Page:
In high school, a math teacher once asked us if we’d said “White Rabbit!” that morning. When we looked at him blankly, he explained that if the first words out of your mouth on the first day of a new month were “White Rabbit,” you’d have good luck for the entire month.
This morning, New Year’s Day, I said “White Rabbit.” Does that mean I’ll have good luck for the entire year? Or will I, like Alice’s rabbit, just be late for everything?
I’m not a big fan of new year’s resolutions, but today I decided that I’m going to make a few changes that are long overdue. One is to take up the recorder. Or rather, take it up again.
My dear friend Tim, who besides being the most amazing watercolorist (his work in oils is pretty fine too, but the watercolors really speak to me) is a lovely lyrical recorder player, had been prodding me for years to get a recorder of my own. In August of 2004 I finally broke down and bought an alto Yamaha. And I got the two beginners’ books he recommended.
A month later, when we evacuated to Tampa as Hurricane Frances was bearing down on us, I took the recorder with me. That week the recorder and I got to know one another, and I made satisfying progress.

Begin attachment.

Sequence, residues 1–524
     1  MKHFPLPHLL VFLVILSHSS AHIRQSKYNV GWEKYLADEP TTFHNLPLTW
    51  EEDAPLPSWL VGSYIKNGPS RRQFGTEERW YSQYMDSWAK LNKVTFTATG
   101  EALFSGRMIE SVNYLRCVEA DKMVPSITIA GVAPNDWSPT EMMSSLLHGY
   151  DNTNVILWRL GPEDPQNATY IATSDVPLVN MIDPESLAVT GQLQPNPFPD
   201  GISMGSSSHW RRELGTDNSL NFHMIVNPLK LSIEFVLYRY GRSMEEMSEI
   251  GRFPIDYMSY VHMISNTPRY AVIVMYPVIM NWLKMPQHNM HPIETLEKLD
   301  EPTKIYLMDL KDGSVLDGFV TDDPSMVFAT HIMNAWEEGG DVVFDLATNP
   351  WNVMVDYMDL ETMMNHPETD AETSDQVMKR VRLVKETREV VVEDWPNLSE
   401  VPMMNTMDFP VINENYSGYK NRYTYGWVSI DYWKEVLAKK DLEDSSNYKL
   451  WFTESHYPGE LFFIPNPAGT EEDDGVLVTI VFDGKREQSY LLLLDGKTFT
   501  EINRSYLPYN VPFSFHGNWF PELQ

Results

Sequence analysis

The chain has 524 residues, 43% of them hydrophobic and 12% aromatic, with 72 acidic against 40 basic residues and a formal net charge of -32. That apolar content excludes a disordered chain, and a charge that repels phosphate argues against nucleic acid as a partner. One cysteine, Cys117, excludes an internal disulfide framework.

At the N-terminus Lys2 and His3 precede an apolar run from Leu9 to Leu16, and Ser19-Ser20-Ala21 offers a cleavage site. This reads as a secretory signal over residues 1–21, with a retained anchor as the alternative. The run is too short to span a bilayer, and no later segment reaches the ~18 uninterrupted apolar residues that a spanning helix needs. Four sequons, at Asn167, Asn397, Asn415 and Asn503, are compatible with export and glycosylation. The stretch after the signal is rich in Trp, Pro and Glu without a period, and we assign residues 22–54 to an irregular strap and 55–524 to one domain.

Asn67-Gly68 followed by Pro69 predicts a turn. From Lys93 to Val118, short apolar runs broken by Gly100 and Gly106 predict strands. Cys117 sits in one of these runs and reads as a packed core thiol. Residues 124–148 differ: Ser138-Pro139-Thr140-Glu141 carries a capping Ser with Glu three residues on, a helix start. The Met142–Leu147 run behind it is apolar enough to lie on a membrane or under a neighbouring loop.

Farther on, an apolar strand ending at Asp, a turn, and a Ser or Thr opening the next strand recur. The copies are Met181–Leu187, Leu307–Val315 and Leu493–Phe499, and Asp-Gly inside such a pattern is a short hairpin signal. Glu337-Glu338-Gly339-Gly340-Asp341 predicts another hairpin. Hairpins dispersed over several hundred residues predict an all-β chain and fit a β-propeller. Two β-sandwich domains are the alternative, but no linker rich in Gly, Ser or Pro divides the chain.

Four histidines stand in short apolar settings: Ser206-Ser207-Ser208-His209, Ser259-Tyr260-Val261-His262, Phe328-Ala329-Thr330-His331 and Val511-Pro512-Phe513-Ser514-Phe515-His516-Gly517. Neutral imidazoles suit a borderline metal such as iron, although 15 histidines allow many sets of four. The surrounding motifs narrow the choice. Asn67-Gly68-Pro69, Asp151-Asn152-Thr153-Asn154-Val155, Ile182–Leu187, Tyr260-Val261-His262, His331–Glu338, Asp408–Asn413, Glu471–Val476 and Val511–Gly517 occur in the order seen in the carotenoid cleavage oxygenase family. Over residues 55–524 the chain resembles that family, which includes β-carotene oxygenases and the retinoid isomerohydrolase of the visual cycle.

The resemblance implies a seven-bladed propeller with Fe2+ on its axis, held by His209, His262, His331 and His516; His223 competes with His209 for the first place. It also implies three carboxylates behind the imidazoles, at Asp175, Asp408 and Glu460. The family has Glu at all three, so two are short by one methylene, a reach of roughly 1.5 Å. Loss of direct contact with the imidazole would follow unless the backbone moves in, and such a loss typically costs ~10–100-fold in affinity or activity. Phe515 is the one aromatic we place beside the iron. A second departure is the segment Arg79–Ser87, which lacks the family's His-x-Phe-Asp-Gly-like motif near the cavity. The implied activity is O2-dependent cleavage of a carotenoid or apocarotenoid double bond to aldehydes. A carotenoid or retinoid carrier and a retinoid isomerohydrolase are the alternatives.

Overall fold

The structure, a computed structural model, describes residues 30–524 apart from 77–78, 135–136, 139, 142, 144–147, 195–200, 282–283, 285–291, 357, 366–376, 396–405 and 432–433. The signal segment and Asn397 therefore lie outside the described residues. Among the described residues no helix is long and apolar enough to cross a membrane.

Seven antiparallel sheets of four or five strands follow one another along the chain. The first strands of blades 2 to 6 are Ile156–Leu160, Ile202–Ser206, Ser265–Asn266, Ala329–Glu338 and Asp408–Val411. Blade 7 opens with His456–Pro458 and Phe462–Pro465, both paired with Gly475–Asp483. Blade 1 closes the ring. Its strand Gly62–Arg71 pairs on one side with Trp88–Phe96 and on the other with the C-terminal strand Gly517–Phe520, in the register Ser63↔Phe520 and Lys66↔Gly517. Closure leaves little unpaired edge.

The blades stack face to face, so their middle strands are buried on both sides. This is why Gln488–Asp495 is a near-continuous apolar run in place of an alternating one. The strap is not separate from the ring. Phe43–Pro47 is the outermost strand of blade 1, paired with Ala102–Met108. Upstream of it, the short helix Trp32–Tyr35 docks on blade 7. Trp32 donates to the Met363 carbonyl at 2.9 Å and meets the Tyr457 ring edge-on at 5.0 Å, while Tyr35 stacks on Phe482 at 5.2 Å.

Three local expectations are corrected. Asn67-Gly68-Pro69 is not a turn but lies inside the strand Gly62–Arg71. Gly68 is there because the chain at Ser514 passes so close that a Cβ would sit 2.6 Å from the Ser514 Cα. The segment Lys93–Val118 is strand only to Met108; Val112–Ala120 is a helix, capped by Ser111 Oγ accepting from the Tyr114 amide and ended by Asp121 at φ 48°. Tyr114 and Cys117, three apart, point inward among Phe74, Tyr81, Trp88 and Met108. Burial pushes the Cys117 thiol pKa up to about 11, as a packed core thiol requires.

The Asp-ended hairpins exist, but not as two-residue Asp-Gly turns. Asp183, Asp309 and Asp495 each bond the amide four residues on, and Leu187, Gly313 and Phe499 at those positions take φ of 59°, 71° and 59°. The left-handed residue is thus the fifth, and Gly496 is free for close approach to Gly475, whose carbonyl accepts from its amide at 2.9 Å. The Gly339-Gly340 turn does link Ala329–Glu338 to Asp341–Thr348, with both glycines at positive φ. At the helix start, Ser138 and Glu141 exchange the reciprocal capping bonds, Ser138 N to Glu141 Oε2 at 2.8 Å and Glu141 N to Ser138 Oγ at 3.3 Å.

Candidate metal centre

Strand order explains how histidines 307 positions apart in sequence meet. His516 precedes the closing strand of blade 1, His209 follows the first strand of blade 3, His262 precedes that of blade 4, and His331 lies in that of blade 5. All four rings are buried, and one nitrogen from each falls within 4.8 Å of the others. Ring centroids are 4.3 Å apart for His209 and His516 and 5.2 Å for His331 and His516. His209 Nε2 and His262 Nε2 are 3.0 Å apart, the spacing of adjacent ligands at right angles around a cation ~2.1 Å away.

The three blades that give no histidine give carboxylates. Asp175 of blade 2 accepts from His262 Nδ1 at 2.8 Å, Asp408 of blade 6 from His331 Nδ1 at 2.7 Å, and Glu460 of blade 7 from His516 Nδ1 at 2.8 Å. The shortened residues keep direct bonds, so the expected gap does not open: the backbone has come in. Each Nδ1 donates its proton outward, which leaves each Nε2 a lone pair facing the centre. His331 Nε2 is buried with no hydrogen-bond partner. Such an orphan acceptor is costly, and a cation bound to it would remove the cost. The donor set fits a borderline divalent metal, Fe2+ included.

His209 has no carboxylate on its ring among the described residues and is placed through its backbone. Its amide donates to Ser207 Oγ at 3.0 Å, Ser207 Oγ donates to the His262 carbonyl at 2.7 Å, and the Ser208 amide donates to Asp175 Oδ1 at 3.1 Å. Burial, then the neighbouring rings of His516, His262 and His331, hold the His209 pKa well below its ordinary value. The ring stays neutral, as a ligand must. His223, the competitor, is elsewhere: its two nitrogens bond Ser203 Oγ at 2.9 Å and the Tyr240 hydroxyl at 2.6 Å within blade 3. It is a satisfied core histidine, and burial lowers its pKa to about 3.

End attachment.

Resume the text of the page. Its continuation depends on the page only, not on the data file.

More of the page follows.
But once back in the regular swing of daily life, the recorder was laid aside. I’d pick it up from time to time, but playing it never became a habit, and in the ensuing years, the poor thing languished. And it became a bigger and bigger bugaboo. That rosewood-colored beauty just sat there, mocking me.
This week a friend and I challenged each other to just play. For both of us, it turned out to be musical instruments that we once loved but had been neglecting so long that they were now fearsome, but we realized that just playing is very good advice in many areas of our life. We don’t need to be perfect at everything, don’t need to be professionals all the time. We can just play and enjoy whatever happens as a result.
Today I cleaned and assembled the recorder, and started playing with it. Not playing it, really; playing with it. I can’t begin to express the awful squeaks and squonks that poor recorder is making. A goose being beaten and strangled would make sweeter music.
An unintended side effect is that I now want to find my Sweet Pipes Recorder Books, which are in my office somewhere. I use the word “office” only because that is its official designation. For many months before Mom died, I barely used the office, instead working off my laptop, sitting in the chair next to her bed, and the office became a dumping ground for old papers, books, paraphernalia, and things that should have been thrown away a very long time ago. On top of the clutter and chaos is a thick layer of dust. And somewhere in there are those recorder books.
I need those recorder books. My alto Yamaha is in abject pain, judging from the noises it is emitting, and it desperately needs me to treat it with more educated fingers. So today, after I clean out the refrigerator, the big, BIG garage trashcan is moving into my office, and I will become an archaeologist beginning a new excavation. No telling what other treasures I’ll unearth.
Maybe I’ll even find the white rabbit’s gloves and pocket watch.